The other day I overheard the founder of my agency talk about building companies. He referred to Elon Musk talking about how no great company was built on a 40-hour workweek. I believe his point was that nothing great can be built with a moderate work ethic – greatness requires obsession.

I agree with this logically, but isn't it destructive in practice?

It made me think about other really hard things: relationships, weight loss, and reading.

I can see that all of these can be achieved with obsession, but from my limited experience, it seems that all of these things are achieved through a slow, grueling, and patient process.

The one I can speak to most is weight loss. I’ve lost about 70 pounds, I’ve gained back around 25, and I’m on track to lose it again and more.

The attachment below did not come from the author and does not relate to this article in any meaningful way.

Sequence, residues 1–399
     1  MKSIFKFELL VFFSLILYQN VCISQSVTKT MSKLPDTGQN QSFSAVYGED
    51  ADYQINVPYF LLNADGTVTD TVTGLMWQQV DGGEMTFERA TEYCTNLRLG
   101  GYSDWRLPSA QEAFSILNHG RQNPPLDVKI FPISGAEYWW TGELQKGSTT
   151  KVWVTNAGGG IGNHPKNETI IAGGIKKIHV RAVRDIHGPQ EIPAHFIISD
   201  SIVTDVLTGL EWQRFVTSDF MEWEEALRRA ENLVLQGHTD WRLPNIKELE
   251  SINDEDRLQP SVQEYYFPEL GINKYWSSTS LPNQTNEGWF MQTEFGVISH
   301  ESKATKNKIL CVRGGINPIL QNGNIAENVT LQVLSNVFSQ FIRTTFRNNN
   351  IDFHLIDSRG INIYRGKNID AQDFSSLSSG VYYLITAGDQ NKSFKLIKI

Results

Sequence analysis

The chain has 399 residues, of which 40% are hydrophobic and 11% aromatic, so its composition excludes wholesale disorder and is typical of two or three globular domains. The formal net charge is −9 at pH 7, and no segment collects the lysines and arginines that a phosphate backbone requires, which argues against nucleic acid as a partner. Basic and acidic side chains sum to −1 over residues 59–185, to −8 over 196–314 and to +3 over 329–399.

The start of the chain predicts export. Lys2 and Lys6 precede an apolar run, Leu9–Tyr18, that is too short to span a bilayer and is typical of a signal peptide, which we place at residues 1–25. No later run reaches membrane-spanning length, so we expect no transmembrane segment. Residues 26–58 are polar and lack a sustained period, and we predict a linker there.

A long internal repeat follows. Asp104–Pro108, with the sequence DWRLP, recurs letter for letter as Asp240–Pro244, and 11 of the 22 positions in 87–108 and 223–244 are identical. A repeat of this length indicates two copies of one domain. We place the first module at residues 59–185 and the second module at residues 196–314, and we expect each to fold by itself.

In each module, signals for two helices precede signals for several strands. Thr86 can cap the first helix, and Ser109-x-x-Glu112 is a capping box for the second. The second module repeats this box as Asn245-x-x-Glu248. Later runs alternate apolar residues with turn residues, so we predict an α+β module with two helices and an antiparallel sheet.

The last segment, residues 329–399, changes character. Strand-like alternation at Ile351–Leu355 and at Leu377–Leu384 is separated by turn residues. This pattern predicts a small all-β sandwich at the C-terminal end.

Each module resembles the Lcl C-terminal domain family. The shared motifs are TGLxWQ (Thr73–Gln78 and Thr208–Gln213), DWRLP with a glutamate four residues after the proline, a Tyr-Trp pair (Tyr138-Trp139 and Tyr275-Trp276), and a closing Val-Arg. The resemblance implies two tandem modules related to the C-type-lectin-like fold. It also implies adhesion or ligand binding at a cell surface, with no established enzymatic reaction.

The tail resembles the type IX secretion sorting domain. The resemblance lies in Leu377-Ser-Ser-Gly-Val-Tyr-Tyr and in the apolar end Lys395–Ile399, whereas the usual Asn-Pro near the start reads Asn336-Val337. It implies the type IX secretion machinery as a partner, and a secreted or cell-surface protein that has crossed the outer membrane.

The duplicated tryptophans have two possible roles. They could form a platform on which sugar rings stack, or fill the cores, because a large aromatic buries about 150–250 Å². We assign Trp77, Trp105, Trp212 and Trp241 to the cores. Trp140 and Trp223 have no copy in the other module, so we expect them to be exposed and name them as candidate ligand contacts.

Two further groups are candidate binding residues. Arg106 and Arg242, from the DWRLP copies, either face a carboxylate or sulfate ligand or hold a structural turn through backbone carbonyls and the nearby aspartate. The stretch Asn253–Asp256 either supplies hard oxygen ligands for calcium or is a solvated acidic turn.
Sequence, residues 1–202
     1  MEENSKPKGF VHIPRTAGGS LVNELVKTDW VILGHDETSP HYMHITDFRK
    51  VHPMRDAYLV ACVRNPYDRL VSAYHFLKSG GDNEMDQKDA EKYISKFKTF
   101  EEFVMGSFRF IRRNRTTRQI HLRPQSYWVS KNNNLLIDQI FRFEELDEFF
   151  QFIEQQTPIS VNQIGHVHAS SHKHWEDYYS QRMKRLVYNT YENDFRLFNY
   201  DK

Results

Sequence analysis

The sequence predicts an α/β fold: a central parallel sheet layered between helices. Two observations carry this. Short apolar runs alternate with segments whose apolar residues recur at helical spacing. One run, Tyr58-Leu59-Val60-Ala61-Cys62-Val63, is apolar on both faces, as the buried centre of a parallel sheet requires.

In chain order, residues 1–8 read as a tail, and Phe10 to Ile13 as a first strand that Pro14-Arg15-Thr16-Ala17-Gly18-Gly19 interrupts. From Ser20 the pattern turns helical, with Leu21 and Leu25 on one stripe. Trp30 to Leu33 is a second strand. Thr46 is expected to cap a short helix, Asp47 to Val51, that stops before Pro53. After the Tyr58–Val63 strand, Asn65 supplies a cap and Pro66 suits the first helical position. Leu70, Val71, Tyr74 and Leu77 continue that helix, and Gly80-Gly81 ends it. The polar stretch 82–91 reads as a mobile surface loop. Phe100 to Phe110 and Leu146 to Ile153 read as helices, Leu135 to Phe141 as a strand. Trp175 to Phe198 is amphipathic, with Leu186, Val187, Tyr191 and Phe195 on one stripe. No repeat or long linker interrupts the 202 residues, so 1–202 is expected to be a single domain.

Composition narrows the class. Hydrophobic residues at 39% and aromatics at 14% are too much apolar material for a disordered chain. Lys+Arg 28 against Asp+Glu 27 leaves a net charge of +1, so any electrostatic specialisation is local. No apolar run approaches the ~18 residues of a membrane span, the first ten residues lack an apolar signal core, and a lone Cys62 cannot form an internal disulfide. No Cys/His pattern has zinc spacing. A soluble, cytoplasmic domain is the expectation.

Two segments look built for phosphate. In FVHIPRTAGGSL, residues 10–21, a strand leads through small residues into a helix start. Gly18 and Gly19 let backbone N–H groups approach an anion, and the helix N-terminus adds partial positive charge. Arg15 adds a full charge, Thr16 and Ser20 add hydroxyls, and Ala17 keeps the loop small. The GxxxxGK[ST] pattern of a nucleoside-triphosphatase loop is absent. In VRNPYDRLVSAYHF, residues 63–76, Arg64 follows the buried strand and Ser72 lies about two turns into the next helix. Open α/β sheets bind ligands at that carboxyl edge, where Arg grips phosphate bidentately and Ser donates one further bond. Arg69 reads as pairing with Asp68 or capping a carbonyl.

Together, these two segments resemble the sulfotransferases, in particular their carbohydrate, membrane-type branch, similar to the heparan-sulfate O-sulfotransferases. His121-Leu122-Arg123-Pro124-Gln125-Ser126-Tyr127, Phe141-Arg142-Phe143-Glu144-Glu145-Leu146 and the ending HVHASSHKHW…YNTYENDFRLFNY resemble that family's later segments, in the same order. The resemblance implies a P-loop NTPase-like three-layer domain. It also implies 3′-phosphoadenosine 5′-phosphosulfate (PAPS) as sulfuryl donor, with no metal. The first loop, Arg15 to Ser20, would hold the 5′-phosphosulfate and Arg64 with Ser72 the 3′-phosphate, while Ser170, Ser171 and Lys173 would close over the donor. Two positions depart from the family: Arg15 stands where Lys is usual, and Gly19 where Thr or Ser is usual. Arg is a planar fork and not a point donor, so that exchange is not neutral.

Weight loss is a very difficult thing to do. I’d say it’s pretty similar to building a company – something that I’m also doing.

Weight loss takes over your life. Most of your conversations will have weight loss included. It’s an impressive thing. To radically change your body chemistry and to reorient your way of living in pursuit of a single goal. Your day begins and ends with it.

I’ve been obsessed with it. I’ve given hours to it. I’ve given my entire wellbeing to it. When I did that, I began to see a stall in my progress. You can see it in the data.

You can see that the months leading up to the wedding (where I was most stressed about the weight loss and hitting my goal) was where I hit a plateau.

Now, I don’t want to contrive or abstract some larger meaning from my single data set, but it begs the question, what is the most impactful way to approach really hard things?

Is it a compulsive obsession or is it a peaceful slow burn?